The Slatest

Rick Scott Is Having a Really Difficult Time Hiding From Donald Trump

Florida Governor Rick Scott makes a campaign stop at a Cuban restaurant in June.
Florida Governor Rick Scott makes a campaign stop at a Cuban restaurant in June. Joe Raedle/Getty Images

Donald Trump will be in Tampa on Tuesday to stump for a handful of GOP candidates.
Conspicuously absent, however, will be the most notable Florida Republican running in the midterms: Rick Scott, the state’s term-limited governor challenging Democrat Bill Nelson in a battleground race crucial to control of the U.S. Senate.

Scott appeared caught off-guard when Trump’s team announced the MAGA rally in a statement last week that cited Scott by name as someone advancing the president’s agenda (and identified Nelson by the wrong first name, Ben). Scott’s staff initially said his schedule was in flux and that they weren’t sure if he’d be able to join Trump at the campaign event, before later saying he would attend a fundraiser that evening instead. (Scott will still join Trump earlier in the day for a policy roundtable at a nearby high school, but that event will be closed to the public and, as an official White House event, doesn’t come with the air of an endorsement that a campaign rally provides.)

Skipping the primetime rally is the best example yet of Scott trying to distance himself from the man he helped get elected to the White House. But the rally also illustrates just how difficult that strategy will be to pull off for Scott, who was one of Trump’s early backers in the 2016 primary and later ran a pro-Trump super PAC. The president has taken a personal interest in two other races in Florida, endorsing Rep. Ron DeSantis for governor and Rep. Matt Gaetz for re-election, both of whom will join the president on stage.

DeSantis in particular could make life more difficult for Scott. A self-declared “pitbull Trump defender,” DeSantis is a regular on Fox News, where he frequently attacks the FBI and Robert Mueller on the president’s behalf. Anyone looking for evidence of just how much DeSantis loves Trump need only look at his latest campaign ad, which shows DeSantis teaching his young daughter to “build the wall” out of toy blocks and reading The Art of the Deal to his newborn son. If DeSantis wins the GOP nomination, as he is now favored to do, he’ll drag Scott and every other Florida Republican into each and every Trump-related controversy between the August primary and Election Day, whether they like it or not.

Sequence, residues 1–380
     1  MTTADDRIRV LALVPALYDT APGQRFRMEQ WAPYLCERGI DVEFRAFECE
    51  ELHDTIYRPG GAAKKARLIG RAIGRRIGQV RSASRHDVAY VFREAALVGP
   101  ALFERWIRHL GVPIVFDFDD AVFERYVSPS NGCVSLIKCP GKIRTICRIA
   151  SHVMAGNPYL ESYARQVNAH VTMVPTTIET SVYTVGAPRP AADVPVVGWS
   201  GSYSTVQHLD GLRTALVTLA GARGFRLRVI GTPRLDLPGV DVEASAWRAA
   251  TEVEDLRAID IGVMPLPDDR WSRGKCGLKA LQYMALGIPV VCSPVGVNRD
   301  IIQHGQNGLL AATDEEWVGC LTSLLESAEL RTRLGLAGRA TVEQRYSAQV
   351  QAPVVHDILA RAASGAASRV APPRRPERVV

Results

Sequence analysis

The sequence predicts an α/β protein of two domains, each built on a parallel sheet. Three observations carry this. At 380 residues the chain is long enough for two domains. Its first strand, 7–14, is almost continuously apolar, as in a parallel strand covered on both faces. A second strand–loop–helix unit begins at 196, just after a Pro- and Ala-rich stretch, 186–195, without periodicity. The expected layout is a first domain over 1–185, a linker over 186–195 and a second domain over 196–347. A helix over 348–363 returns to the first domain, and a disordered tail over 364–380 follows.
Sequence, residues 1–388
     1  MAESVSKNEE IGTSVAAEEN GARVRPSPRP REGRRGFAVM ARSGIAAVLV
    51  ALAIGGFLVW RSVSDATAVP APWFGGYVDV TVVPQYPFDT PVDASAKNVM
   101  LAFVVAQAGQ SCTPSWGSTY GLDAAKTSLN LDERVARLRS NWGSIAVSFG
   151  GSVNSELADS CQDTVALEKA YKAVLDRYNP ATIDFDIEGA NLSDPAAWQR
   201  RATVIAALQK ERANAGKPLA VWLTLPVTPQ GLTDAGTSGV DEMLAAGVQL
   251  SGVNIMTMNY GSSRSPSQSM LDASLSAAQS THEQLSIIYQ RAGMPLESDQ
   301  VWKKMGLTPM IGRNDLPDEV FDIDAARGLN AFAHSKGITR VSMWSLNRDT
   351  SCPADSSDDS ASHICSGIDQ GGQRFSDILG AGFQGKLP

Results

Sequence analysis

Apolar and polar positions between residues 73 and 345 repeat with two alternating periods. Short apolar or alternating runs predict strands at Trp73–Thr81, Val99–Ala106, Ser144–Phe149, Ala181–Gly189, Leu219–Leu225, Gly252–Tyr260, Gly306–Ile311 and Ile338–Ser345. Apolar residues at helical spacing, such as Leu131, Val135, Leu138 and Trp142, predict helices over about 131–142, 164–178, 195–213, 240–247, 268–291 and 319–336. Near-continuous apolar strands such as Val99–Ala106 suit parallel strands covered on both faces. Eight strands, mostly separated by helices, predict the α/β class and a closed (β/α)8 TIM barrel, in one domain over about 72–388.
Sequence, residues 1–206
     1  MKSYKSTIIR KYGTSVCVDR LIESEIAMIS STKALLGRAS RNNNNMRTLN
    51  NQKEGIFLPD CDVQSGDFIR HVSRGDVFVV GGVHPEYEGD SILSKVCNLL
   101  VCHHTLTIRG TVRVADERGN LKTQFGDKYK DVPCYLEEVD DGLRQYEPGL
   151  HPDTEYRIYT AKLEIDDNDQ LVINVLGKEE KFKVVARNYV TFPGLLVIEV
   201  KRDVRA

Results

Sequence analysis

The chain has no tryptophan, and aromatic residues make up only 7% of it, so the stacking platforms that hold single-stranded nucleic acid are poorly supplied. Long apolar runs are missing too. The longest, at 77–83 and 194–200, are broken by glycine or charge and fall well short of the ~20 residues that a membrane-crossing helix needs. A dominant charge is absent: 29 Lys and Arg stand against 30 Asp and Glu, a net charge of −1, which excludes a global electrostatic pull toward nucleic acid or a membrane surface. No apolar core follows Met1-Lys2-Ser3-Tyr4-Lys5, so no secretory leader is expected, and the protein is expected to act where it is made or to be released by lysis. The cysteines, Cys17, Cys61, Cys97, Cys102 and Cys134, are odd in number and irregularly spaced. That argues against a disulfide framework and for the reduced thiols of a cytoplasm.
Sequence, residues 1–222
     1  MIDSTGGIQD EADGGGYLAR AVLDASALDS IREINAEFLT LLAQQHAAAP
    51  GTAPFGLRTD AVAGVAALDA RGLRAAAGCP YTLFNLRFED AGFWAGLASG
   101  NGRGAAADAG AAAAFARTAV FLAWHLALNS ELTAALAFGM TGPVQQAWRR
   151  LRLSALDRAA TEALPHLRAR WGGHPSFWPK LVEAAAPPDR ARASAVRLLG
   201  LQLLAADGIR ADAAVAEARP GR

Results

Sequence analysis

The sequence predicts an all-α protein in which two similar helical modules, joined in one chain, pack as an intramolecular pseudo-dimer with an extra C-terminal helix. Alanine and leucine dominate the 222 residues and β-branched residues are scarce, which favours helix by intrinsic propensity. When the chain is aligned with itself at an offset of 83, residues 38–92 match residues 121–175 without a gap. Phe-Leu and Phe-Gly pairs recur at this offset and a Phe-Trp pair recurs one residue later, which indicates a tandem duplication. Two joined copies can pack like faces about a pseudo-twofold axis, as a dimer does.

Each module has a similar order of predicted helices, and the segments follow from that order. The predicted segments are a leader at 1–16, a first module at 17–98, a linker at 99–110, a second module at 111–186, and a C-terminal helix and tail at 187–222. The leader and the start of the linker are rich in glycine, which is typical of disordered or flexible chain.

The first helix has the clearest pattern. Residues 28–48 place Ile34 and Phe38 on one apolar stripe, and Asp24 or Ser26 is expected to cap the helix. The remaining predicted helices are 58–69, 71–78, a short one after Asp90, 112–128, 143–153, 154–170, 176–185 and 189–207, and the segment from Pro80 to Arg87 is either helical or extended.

Scott, clearly, would not. He avoided mentioning the president at all during his official Senate campaign kick-off, and has brushed aside the suggestion that he is a “Donald Trump Republican.” Asked by Fox News this year if he wanted Trump to stump for him, Scott dodged. “What I tell people is, I’m running as Rick Scott,” he said then. More recently, Scott has broken with Trump—as well as his own previous hardline views—over the administration’s immigration policy, and earlier this year he signed new restrictions on gun purchases in his state following the Parkland school shooting, a surprise decision from a governor with an A-plus NRA rating who made no such effort after the 2016 Pulse nightclub massacre in Orlando.

Trump won Florida two years ago by less than 2 points, nowhere near his margin of victory in the other states seen as Senate GOP pick-up opportunities this fall, like West Virginia and Missouri, where the Republican candidates are embracing Trump with both arms. Without a primary challenger of his own, Scott would instead prefer his 2018 Senate campaign to be a rerun of his successful 2010 gubernatorial campaign, during which he focused relentlessly on jobs and the economy while presenting himself as an anti-Washington outsider. The latter is a tougher sell today, with Scott’s party controlling Washington. But Trump and DeSantis will likely do particular harm to Scott’s economic messaging. Staying focused on any one issue is near impossible in the age of Trump—unless, that is, the issue is Trump.